As soon as we became aware of the possible affiliation between Hoag and St. Joseph Health last fall, we questioned Hoag administration about the potential impact on women's healthcare services, abortion in particular. We were repeatedly assured that there would be no change in these services at Hoag. We were, therefore, shocked and dismayed to learn that Hoag was banning abortions, effective May 1.
Three points in their commentary demand our response. First, their conclusion that elective abortions at Hoag are unsafe. Most elective abortions are safely performed outside of hospitals, in outpatient facilities. If an elective abortion is done in a hospital, it is because the patient has some complicating factor, such as an underlying health condition, that may require the nursing care, monitoring and equipment that is only available in a hospital. Hoag is well equipped to handle any potential difficulties or complications that might occur during and after such a procedure, since there is an obstetrician present in the hospital at all times, and specialists in complications of pregnancy as well as intensive-care units are readily available.
To claim that abortions are not safely done at Hoag because we perform fewer than 100 per year is not only incorrect (as attested to by the physicians doing them, the number is well over 100, and those of us who review obstetrical complications at Hoag know that they are exceedingly rare), it also sets an arbitrary standard not met by many other procedures done at Hoag, such as Gamma knife brain surgery or robotic uterine fibroid surgery. Will Hoag be discontinuing those procedures too?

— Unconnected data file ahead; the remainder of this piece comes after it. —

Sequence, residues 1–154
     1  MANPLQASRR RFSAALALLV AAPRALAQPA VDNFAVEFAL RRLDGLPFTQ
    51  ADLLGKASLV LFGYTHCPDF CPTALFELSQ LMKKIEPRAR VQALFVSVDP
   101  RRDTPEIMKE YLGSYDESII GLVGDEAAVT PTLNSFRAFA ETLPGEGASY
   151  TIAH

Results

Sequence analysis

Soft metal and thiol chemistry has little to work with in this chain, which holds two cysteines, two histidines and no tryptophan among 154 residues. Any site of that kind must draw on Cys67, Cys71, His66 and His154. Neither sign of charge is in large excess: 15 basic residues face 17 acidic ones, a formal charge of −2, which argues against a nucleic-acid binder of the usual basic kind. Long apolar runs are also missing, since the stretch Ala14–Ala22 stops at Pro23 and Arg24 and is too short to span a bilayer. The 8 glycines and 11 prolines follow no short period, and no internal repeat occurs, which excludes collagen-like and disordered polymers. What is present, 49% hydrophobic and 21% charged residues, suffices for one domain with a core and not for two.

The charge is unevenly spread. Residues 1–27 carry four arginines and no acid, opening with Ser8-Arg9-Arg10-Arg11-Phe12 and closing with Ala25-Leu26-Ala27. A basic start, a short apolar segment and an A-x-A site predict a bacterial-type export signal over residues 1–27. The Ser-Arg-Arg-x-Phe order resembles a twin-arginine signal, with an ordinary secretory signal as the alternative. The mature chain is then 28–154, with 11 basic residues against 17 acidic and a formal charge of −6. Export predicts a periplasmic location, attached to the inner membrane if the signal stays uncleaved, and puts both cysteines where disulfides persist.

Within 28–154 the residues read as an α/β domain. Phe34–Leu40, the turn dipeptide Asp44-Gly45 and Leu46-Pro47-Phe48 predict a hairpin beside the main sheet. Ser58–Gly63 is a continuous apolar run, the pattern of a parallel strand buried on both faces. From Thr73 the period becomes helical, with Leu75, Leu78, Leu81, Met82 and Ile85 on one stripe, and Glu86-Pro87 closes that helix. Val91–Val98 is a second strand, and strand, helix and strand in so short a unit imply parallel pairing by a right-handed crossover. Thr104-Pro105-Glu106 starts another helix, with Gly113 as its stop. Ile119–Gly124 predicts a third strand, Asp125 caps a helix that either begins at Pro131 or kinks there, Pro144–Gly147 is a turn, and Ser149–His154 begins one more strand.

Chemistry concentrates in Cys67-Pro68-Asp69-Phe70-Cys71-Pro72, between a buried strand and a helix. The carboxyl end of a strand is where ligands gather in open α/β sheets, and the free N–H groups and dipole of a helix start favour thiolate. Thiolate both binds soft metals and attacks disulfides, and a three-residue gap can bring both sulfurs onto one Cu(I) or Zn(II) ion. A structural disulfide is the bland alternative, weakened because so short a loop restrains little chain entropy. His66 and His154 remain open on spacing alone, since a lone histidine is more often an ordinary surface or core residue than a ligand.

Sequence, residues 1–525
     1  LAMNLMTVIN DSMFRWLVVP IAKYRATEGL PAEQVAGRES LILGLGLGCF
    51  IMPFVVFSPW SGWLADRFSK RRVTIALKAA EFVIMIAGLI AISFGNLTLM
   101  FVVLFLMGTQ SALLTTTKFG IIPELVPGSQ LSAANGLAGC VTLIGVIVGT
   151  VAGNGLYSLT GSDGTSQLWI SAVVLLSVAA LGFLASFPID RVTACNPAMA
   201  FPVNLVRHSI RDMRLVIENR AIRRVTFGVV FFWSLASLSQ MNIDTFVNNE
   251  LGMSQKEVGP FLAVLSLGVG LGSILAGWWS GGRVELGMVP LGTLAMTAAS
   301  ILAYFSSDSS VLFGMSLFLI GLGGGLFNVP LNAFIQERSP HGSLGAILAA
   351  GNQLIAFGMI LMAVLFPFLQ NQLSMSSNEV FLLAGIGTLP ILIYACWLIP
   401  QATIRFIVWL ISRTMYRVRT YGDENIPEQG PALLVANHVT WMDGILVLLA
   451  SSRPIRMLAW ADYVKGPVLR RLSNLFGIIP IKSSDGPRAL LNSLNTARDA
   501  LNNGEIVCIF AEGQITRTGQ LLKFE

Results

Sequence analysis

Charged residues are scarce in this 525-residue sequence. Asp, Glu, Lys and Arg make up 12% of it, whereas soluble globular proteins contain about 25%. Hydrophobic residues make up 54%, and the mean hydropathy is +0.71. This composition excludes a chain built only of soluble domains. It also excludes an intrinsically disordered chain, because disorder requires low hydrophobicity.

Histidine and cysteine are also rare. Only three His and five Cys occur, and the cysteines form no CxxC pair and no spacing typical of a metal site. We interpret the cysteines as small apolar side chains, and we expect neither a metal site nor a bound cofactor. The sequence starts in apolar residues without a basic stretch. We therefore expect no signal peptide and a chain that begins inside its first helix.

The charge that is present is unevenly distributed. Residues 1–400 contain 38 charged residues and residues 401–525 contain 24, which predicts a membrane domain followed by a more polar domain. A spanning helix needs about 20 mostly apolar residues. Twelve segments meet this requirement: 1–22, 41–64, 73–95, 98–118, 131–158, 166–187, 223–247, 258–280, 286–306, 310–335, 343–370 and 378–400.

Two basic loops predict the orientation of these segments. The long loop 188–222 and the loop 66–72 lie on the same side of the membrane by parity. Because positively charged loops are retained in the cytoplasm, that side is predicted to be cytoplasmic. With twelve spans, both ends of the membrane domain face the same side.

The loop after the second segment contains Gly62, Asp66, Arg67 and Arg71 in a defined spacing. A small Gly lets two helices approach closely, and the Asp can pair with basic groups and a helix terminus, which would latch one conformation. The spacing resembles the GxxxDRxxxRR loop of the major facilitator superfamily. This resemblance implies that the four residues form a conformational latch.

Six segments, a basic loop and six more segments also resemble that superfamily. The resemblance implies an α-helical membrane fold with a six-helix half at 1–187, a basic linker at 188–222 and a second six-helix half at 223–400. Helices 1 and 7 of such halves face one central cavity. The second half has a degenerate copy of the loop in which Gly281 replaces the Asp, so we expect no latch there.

The second point that we wish to refute is that patients undergoing elective abortion at Hoag do not receive, as the writers said in their commentary, the "full complement of services" required, including "a comprehensive range of education and support, such as pre- and post- procedure support services, counseling and a full array of reproductive family planning services."
Apparently Braithwaite and McKitterick are not familiar with what obstetricians/gynecologists do outside of the confines of the hospital. These women are our patients, and we care for them before they are admitted to a hospital and after they are discharged. We are experts in providing the "full array of reproductive family planning services," which the writers refer as lacking at Hoag.
While Braithwaite and McKitterick like to tell us all how the Hoag-St. Joseph affiliation will improve the efficiency of and fill gaps in healthcare in Orange County, the banning of elective abortions at Hoag does just the opposite. Instead of a woman being cared for by her own doctor during an emotionally traumatizing period, Hoag will step into the patient-doctor relationship and require that the patient go elsewhere for care, creating unnecessary delay and potentially added cost and worry for the patient.
This is not only inhumane and inefficient — it is bad medicine.
Finally, we are concerned about one more point made by Braithwaite and McKitterick. The California attorney general requires Hoag to continue providing all other women's health services for at least 10 years. What will happen after 10 years?
They state, "[T]he Hoag board will maintain decision-making authority of clinical services." We are not reassured.
Lisa Abaid, M.D.
Richard Agnew, M.D.
Rhonda Flora, M.D.
Brook Hargrove, M.D.
Jeffrey Illeck, M.D.
Patricia Korber, M.D.
Merle Robboy, M.D.
Beverly Sansone, M.D.